When Indiana's legislature legalized riverboat gambling in the early1990s, it adopted laws setting forth a broad-ranging regulatory regime. The legislature established the Indiana Gaming Commission as the administrative agency responsible for licensing providers of riverboat gambling and for otherwise regulating the riverboat gambling system (including the taking of disciplinary action against licensees when necessary). The legislature also directed the Commission to adopt regulations consistent with the authority delegated to it by statute. In accordance with one such statutory directive, the Commission created a voluntary exclusion program. Under this program, any person could request to have his or her name placed on a voluntary exclusion list by providing contact information, a physical description, and a desired time period of exclusion from casinos-one year, fi ve years, or lifetime. Casinos must have procedures by which excluded individuals are not allowed to gamble, do not receive direct marketing, and are not extended check-cashing or credit privileges. A casino's failure to comply with the exclusion program regulations makes it subject to disciplinary action.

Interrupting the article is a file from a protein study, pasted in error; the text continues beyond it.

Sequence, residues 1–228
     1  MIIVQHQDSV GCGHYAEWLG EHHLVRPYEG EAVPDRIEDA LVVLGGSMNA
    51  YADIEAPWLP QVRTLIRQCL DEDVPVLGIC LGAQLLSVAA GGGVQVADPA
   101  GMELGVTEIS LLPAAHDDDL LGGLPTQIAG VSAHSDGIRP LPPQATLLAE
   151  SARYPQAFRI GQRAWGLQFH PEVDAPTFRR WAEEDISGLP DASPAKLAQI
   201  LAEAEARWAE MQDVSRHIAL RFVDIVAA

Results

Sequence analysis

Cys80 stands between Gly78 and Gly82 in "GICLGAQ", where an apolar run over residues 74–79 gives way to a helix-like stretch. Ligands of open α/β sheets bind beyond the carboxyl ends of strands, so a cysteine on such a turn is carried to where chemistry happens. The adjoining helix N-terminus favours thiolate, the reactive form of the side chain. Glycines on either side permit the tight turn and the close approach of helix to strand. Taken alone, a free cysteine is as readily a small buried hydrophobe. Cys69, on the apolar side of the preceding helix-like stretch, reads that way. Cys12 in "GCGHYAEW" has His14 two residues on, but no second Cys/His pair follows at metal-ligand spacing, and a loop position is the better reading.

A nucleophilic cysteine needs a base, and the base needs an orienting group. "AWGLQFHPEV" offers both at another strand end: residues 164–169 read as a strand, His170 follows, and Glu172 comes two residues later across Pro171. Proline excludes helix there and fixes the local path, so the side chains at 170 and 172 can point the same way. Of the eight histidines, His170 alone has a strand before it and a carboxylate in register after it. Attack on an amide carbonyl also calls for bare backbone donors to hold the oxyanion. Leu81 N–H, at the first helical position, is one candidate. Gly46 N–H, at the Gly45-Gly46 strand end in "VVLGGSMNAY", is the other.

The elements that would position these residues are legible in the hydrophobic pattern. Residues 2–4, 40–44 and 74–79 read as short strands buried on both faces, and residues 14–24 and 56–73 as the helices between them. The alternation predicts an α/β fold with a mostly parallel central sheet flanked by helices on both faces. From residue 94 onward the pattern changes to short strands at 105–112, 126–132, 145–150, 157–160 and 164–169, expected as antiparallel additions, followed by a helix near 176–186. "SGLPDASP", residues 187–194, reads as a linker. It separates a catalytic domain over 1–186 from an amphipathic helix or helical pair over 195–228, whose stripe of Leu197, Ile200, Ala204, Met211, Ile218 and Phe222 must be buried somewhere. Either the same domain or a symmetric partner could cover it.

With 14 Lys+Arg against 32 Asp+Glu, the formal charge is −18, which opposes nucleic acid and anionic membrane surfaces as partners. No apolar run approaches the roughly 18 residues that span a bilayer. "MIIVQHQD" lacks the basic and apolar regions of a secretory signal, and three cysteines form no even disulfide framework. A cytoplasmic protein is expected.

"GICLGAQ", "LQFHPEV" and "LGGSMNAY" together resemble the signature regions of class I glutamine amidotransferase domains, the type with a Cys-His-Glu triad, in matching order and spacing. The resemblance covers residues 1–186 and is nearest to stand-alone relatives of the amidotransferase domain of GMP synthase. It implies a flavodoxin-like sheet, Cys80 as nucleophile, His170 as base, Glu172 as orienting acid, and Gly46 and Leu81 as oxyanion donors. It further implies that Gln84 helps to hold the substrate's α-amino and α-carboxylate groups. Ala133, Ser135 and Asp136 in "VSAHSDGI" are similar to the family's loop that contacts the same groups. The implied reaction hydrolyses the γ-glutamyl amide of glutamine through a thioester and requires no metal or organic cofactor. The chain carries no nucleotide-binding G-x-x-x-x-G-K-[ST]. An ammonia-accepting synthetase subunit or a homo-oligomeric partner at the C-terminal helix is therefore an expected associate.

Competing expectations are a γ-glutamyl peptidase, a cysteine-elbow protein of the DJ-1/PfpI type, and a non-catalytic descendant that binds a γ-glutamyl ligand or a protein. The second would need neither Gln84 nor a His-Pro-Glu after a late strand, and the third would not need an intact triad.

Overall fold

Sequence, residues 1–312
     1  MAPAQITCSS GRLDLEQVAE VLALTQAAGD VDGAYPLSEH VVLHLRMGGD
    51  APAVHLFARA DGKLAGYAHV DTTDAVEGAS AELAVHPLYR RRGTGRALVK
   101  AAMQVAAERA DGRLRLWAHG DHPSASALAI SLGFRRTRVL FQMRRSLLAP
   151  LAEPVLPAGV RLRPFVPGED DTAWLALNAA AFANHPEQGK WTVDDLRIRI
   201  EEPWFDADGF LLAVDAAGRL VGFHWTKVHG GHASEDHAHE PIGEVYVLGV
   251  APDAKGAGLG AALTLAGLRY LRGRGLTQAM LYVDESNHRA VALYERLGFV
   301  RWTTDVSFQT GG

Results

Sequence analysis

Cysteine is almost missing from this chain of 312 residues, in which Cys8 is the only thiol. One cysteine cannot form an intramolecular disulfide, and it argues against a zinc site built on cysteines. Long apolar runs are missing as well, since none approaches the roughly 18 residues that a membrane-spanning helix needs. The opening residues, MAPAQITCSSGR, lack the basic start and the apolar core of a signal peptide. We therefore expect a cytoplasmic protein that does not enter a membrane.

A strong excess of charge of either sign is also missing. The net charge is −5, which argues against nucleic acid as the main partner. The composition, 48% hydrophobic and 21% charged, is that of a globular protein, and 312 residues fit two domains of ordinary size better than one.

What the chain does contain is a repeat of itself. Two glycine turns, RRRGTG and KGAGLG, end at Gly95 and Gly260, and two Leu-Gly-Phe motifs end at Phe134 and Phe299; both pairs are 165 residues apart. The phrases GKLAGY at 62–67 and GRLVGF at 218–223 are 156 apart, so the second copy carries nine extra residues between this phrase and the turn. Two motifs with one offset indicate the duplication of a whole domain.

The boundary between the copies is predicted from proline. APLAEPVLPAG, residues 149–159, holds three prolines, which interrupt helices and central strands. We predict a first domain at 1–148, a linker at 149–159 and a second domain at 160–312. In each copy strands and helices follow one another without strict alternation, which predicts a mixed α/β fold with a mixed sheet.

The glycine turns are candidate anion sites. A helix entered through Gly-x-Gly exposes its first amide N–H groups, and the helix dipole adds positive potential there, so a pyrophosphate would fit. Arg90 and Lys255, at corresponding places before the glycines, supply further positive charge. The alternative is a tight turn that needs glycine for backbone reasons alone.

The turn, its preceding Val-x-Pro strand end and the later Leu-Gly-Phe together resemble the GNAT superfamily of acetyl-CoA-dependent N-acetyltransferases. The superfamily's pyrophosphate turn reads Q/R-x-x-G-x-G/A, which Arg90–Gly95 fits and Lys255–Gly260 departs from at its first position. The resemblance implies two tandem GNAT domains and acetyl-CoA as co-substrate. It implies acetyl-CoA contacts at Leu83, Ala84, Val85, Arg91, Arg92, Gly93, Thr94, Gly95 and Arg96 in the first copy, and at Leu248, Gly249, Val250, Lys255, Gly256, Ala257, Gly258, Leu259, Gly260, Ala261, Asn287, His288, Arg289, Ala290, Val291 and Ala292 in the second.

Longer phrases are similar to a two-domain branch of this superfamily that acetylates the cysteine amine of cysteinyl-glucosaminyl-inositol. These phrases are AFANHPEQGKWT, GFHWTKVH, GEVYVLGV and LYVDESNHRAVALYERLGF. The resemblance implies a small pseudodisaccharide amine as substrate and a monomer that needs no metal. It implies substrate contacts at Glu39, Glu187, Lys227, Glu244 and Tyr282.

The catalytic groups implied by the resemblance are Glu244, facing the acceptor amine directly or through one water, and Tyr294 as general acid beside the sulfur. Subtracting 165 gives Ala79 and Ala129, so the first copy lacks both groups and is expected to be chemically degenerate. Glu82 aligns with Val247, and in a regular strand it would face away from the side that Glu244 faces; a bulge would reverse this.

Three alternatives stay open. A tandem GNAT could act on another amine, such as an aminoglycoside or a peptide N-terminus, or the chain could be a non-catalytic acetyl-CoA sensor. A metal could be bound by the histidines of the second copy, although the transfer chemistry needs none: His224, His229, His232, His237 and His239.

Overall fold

Caesars Riverboat Casino, LLC ("Caesars") was a licensed operator of a riverboat casino in Elizabeth, Indiana. Genevieve Kephart, a Tennessee resident who was addicted to gambling, traveled to Caesars after receiving an offer of free transportation, hotel room, food, and alcohol from Caesars. In a single night of gambling, Kephart lost $125,000 through the use of six counter checks provided to her by Caesars.
When the counter checks were returned to Caesars for insufficient funds, Caesars sued Kephart to collect what she owed. Kephart counterclaimed, alleging that Caesars knew of her gambling addiction and had taken advantage of that addiction. She sought damages for the consequences resulting from the $125,000 loss, including damages for mental, emotional, and psychological injury. Kephart, who had not sought to invoke the voluntary exclusion program described above, contended that Caesars owed her a common law duty to protect her from its enticements to gamble because it knew she was addicted to gambling.
Caesars moved to dismiss Kephart's counterclaim.
Caesars argued that in light of the statutes and regulations referred to above, no such common law cause of action should be recognized. Was Caesars correct?

  • CreatedJuly 16, 2014
  • Files Included
Post your question